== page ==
SHETLAND Islands Council leader Steven Coutts says SSE committing to building the proposed Viking Energy wind farm is a “positive” development during “uncertain economic times”.
His views were echoed by former Viking director and chairman of the council’s development committee, Alastair Cooper, who welcomed the decision and said that the isles need that sort of job creation and investment now.
Coutts, who represents the west side, said the council was now looking forward to Ofgem approving the interconnector.
“We will clearly be continuing to engage with SSE on their plans around construction phase to ensure we monitor environmental impact and their plans around use of local workforce,” Coutts said.
“We have seen some significant job losses in Shetland due to Covid-19 and will be looking to maximise opportunities during the construction through the supply chain.”
Coutts described the interconnector as “critical for the economic future of Shetland”.
It has been proposed as a way of securing Shetland’s energy supply once Lerwick Power Station reaches the end of its lifespan in 2025, with the link able to both export and import.
The SIC leader also pointed to the cable’s role in plans for the Shetland Energy Hub project, which aims to prolong activity in the local oil and gas sector while at the same time integrating the move towards low carbon solutions and renewable energy.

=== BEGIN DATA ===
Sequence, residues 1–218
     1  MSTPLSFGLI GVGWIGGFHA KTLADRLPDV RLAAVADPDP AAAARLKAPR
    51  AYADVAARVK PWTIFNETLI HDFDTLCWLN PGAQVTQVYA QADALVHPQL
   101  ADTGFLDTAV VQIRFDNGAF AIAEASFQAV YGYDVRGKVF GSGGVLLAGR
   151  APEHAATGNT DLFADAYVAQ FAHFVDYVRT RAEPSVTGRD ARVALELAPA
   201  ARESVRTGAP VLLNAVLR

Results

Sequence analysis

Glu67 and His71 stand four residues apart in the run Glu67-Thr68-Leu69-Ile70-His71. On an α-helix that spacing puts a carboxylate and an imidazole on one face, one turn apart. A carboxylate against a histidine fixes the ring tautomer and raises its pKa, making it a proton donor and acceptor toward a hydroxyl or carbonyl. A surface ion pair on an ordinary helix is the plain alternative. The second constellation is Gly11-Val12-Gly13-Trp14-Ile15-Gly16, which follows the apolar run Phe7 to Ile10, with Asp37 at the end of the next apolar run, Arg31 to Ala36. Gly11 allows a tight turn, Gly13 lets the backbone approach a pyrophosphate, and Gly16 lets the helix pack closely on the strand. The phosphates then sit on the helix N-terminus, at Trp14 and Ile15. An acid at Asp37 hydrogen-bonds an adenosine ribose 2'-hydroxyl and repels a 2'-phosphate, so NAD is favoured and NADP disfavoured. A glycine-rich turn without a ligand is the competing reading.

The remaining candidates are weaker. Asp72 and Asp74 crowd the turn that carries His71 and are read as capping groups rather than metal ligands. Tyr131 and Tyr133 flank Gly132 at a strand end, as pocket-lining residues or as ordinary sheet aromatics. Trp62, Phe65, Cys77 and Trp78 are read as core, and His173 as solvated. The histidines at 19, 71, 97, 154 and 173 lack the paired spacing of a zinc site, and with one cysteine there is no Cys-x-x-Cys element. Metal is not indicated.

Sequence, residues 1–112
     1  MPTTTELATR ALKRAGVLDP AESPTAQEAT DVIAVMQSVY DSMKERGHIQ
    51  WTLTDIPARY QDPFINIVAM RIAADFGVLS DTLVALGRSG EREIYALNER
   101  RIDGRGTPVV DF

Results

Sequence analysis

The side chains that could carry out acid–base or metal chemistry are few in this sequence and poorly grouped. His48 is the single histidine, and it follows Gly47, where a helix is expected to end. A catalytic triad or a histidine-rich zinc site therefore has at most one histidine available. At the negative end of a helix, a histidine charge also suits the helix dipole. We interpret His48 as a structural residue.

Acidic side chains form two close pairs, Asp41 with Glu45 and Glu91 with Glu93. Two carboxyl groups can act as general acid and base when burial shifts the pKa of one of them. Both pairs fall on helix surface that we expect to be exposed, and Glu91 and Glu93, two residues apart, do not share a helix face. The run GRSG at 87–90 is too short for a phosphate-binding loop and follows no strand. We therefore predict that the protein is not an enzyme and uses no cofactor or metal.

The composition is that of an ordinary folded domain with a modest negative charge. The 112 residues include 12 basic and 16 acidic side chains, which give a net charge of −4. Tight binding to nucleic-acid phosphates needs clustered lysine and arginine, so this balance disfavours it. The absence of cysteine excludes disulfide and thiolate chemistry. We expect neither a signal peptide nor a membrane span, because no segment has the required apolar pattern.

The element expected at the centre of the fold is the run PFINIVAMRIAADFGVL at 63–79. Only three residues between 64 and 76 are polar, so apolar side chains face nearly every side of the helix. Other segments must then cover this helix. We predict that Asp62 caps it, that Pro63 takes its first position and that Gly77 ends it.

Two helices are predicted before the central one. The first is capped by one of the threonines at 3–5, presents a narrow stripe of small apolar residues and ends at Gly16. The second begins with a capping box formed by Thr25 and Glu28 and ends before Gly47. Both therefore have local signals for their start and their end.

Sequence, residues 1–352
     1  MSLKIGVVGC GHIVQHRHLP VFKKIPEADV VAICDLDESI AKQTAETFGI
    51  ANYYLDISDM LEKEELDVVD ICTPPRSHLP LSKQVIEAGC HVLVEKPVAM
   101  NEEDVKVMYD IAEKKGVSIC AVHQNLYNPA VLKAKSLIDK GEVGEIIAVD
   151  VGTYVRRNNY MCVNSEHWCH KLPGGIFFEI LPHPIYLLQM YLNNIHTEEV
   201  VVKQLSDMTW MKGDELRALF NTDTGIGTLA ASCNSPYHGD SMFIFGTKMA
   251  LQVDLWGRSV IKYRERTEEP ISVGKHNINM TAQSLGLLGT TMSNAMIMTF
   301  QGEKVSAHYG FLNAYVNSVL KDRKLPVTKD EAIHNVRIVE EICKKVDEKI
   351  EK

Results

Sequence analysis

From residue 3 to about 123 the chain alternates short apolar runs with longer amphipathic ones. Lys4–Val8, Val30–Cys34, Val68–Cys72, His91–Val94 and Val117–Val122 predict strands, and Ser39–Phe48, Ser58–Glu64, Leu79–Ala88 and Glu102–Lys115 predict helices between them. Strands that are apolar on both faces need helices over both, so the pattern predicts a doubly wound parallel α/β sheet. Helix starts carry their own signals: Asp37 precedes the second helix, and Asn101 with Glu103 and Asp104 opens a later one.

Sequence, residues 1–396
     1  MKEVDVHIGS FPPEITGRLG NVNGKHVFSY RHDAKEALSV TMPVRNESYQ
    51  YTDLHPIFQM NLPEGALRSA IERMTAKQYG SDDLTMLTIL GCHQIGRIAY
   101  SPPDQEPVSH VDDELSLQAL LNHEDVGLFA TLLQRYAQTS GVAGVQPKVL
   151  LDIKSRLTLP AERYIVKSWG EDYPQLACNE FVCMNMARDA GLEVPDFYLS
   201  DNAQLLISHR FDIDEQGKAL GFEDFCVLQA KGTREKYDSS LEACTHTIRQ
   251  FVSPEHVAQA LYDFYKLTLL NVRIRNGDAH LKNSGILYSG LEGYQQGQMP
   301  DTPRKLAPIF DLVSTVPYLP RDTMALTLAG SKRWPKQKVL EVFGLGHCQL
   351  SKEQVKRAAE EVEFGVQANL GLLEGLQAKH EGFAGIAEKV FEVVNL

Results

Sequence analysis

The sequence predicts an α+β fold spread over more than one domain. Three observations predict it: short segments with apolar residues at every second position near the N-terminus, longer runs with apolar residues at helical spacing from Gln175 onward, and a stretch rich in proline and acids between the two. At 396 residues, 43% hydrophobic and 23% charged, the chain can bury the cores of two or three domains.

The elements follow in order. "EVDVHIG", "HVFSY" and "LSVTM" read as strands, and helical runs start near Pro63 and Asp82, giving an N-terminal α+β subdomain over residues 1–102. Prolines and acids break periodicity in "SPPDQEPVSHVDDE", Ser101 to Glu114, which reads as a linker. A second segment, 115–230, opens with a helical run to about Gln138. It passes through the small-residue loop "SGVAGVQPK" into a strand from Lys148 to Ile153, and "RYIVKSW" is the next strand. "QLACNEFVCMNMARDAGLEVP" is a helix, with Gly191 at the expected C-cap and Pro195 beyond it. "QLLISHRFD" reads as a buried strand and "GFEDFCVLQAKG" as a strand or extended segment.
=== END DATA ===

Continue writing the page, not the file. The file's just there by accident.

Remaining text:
“As well as the initial development of consented onshore wind, there are further long term opportunities around the energy hub and the transition to green energy,” Coutts added.
Cooper said that he was surprised by the speed of developments and added: “I think that Shetland needs all that work at this point in time.”
He said that Shetland still faces a difficult few years but the prospect of an energy hub at Sullom Voe as a wind farm spin-off, providing electricity to oil developments and “blue-green” hydrogen that can be mixed into the national grid gas supply, could provide longer term stability.
“For me, the wind farm is the catalyst for an energy hub at Sullom Voe and the council has been working actively on this.
“It will deal with the energy requirements for offshore West of Shetland and will create a longer term future for young folk in Shetland as well as carbon capture and storage,” he said.
“I think in the next five or ten years we can see quite a changed Sullom Voe Terminal from that which it is today.”
Cooper said that universal credit applications had doubled to at least 800 in the isles and that while the wind farm might bring hundreds of construction jobs, especially for civil engineering firms, he would like to see the environment protected with the creation of a body like SOTEAG that has monitored SVT for the past 50 years.
He added: “With Sullom Voe Terminal you can go back to the community and say, ‘this is the reality’ and I think that is important in Shetland.”
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